the eshinni honen connection

Last month, Shin Buddhist scholar Dennis Hirota delivered the Ryukoku Lecture at the Institute of Buddhist Studies. Prof. Hirota is rather well known in both the academic and practitioner communities largely due to his translation work, much of which is used on a near daily basis in North American Shin Buddhist communities.

news and updates galore

First and foremost, my dear readers, it is the second Friday of the month which means you’re all being treated to a new episode of the DharmaRealm podcast. And not just any new episode — but the first episode recorded before a live studio audience!

Actually pulling this event off was pretty rewarding, I gotta say. Between you and me, we kind of threw it all together without much foresight (a consequence of a more-than-insanely-busy late summer, early autumn). Harry and I learned a lot from the experience, though and are looking forward to recording more stuff with an audience. And next time we’ll do it on a Saturday so more people can attend (and maybe I’ll look into live-streaming — but don’t hold your breath!). Apart from all that behind-the-scenes stuff, the content of this episode is, in my humble option, actually quite good! We were inspired by a question about the nature of the Pure Land, and to the extent this is the kind of question us Shin Buddhists get asked a lot, it was good to hash out our ideas. Harry’s perspective, that the idea of whether or not the Pure Land is really real and how that forces us to question the reality of our mundane world, is something worth considering. Needless to say, he blew my mind once or twice.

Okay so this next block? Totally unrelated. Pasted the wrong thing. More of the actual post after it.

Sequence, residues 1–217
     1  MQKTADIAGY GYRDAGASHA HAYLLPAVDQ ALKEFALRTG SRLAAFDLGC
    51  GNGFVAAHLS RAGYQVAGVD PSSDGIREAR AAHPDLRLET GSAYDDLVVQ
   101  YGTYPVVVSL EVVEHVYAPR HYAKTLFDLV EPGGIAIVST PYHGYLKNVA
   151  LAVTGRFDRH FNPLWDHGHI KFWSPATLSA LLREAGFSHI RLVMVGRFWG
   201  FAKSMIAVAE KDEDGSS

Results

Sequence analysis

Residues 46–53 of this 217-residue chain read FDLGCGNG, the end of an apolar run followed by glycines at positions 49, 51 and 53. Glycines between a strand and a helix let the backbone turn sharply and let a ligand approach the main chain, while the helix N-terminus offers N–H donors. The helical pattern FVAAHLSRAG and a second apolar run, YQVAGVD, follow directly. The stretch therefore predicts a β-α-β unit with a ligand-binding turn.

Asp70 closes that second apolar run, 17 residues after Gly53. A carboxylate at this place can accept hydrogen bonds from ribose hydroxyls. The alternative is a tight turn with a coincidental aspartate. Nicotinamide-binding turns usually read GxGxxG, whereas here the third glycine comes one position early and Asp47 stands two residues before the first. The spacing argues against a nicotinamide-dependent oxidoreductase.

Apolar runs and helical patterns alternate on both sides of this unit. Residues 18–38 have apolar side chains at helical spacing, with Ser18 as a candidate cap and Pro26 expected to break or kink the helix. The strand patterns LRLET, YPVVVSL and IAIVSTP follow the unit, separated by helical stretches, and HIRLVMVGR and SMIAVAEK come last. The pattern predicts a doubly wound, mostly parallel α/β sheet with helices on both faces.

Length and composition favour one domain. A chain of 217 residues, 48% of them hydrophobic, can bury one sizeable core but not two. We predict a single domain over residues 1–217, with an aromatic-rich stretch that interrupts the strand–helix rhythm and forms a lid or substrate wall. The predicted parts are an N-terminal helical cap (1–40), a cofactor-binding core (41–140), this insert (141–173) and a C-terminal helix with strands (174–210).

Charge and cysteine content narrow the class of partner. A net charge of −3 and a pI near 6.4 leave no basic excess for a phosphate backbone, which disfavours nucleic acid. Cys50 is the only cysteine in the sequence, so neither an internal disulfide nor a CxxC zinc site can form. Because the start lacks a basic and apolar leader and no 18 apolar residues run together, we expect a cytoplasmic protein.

podcasts and other things

The new episode of the DharmaRealm is up (go listen! now!) in which we talk about American Shin Buddhist practice. One of the things we recognize is that the BCA is very much “family Buddhism.” This is a double-edged sword, of course. One the one hand, it acknowledges that people have families, they have kids and jobs and lives, and it can be very difficult to practice Buddhism. So the BCA creates a space that is extremely open and welcoming to anyone complete with Dharma Schools for the kids. But this can also be really difficult for the solitary practitioner. It can be hard to find your place in a century-old community where there are long-standing family networks if you yourself don’t have a family or pre-exisiting ties. It’s a real problem, and Harry and I certainly don’t solve the issue in this one episode, but I was excited to have a chance to talk about it regardless.